I noticed a billboard on Powell, heading downtown a few weeks back. A well-tanned bikini-clad woman lounging on a beach is asking, “Got Vitamin D?” Apparently she didn’t get her tan from the beach but from Tan Republic (insert your own John Boehner joke here).
This got me thinking- it’s often argued (in my nerdy circles anyways) whether or not we in the Pacific Northwest can produce enough vitamin D.
In the middle of February, after 75 days of drizzle and grey, no, of course not.
But how about after a full summer of sun exposure? I thought I’d see what those who research this topic can tell us, and have put summarized a few key points here.
Generally, research does not agree as to what an Adequate Intake should be (oh research, is there anything you agree on? Probably not).
Vitamin D is measured in International Units (IU) and most supplements are 400 or 1000.
Since vitamin D only comes from our own photosynthesis (and you thought only plants did that) or fish (cod, mackerel, salmon and sardines), if you’re not getting either routinely, then supplementation may be needed.
And why does it seem like vitamin D is such a hot topic? Well, when it’s low (found out by a simple blood test), then that’s been associated with a whole bunch of illnesses and conditions that you don’t want, such as muscle weakness, bone fractures, high blood pressure, heart attacks, inflammatory bowel disease, breast, prostate and colon cancer, type 1 and 2 diabetes, multiple sclerosis, Alzheimer’s disease, depression and just about any kind of infection (because of its effect on the immune system). And the list goes on and on.
So with so much research coming out against low vitamin D levels, it’s got everyone wondering, “what are my levels and what should I do?”
Although I have heard that as little as 15 minutes of face/arm/hand/leg exposure each day is enough, even in our climate, I’m not so sure. A few years back they studied young adults in Hawaii and measured their vitamin D levels. If anyone is making enough vitamin D from the sun, it is the young people of Hawaii- they live in swimsuits. Their research participants spent an average of 29 hours per week in the sun and still 51% were low in vitamin D. So I’m thinking 15 minutes a day of Oregon sun isn’t going to cut it.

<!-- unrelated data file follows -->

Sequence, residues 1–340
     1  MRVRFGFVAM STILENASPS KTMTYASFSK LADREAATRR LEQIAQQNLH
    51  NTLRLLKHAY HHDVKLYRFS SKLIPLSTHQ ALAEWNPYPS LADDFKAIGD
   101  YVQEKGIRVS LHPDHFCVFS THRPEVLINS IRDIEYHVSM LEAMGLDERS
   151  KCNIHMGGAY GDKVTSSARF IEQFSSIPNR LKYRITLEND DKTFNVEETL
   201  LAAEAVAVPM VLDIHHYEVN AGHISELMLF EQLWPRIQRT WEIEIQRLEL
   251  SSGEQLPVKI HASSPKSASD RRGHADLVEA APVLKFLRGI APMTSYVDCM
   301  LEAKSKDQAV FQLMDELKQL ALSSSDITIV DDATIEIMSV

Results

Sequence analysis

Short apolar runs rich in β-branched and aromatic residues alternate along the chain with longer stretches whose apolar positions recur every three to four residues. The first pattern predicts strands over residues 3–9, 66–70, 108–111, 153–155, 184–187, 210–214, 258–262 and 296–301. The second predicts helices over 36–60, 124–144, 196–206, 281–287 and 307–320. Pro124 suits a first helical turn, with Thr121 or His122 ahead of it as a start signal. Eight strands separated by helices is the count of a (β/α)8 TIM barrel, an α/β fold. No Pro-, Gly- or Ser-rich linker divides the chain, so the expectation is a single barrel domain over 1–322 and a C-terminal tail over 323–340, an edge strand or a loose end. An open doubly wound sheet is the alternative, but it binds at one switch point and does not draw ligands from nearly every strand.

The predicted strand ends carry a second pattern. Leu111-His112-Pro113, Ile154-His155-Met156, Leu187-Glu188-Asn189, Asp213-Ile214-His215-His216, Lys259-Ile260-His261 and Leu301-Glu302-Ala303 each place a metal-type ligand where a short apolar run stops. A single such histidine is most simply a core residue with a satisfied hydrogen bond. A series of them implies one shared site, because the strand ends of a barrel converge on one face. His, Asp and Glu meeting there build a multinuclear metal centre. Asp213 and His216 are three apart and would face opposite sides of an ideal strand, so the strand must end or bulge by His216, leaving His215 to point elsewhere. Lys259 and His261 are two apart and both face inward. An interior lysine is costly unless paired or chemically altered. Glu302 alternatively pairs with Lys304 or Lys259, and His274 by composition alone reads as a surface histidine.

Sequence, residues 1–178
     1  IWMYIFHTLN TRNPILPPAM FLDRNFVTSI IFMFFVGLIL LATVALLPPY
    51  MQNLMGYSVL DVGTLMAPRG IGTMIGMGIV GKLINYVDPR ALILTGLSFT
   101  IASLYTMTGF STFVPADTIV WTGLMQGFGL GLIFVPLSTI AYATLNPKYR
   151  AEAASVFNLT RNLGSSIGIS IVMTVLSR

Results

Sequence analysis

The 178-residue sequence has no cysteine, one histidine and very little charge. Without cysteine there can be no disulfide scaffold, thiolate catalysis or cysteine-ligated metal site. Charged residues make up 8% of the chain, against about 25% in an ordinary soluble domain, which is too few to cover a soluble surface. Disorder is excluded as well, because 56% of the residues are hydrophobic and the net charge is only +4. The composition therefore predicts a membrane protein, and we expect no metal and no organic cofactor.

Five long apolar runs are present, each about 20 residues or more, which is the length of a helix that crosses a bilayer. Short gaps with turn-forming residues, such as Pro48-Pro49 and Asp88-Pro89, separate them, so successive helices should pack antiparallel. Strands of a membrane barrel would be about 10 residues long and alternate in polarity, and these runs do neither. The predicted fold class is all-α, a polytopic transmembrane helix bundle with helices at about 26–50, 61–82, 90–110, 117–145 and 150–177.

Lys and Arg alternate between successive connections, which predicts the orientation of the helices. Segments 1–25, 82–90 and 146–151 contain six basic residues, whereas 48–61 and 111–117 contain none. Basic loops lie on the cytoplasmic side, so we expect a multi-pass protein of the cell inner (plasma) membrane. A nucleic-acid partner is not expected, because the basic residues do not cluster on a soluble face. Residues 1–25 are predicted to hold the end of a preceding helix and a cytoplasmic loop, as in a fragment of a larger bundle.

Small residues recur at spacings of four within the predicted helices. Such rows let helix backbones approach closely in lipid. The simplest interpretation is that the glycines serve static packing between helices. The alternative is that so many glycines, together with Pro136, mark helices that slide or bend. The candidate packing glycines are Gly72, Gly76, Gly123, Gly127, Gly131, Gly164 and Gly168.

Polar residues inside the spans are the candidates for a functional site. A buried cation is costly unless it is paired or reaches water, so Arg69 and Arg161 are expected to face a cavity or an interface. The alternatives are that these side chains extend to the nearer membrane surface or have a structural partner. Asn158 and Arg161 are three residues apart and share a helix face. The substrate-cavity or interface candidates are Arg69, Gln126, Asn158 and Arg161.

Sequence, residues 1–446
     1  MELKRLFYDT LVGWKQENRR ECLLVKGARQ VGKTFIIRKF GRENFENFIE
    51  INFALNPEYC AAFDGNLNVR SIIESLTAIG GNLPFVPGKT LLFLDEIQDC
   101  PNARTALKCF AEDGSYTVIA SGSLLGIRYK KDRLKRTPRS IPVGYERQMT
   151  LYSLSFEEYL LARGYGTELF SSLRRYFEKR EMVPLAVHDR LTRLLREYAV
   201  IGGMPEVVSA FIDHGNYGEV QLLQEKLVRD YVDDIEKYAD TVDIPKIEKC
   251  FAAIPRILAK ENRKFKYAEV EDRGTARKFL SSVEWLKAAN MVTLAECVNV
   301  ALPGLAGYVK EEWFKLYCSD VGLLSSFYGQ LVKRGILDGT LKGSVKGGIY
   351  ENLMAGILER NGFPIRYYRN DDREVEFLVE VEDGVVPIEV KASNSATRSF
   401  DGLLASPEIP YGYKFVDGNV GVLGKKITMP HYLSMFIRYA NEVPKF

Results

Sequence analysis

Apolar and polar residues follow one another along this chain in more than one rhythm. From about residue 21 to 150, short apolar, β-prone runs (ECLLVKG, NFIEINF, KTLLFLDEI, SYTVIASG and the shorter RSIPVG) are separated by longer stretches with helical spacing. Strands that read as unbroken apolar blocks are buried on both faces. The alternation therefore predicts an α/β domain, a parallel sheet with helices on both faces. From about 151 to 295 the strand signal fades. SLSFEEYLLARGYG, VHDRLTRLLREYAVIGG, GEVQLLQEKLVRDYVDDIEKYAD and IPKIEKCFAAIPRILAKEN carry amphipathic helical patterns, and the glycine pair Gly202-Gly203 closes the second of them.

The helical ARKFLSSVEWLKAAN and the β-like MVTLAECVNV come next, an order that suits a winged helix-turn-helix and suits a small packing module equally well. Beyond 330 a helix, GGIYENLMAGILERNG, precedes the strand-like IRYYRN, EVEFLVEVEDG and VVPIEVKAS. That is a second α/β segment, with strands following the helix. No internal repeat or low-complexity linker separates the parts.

So do you need to be taking vitamin D?
Odds are, we all naturally have below-normal levels (if you're not supplementing). But how much you need to get your levels up and for how long can only be known after taking into account your typical sun exposure, and the lab values of course. At this point in the year, your levels should be the highest that they ever will be. I make my recommendations based on all those factors, since they vary widely person to person.
So, get a little sun and eat a little fish and then we can talk about the particulars if you like. And really, if a blood test and a little vitamin supplementation is all that stands between you and drastically lowered risk of all those terrible diseases above, then the choice is clear. Let's check your levels.
The research I’ve mentioned comes from Nutritional Medicine by Dr. Alan R. Gaby, M.D., and research I’ve found through UpToDate (a medical database), though research abstracts can be found on PubMed. If you’re interested in a particular study, let me know and I’ll pass along what details I have on the topic.
Angela Cortal, ND is a Naturopathic Doctor who runs a family medicine practice in the Foster-Powell neighborhood. She is as passionate about her neighborhood and community involvement as well as health and wellness. During the day she helps patients with a wide variety of health issues (such as hormonal imbalance, cardiovascular disease, diabetes, anxiety, depression and thyroid concerns ) with a focus on natural stress management and relief. During her off time she enjoys gardening, biking around the neighborhood and hiking in the Columbia River Gorge. Please see rosecityhealth.com for more on her and her practice.
Photo credits: Fran Gambín, Vassiliki Koutsothanasi, Joshua Smith
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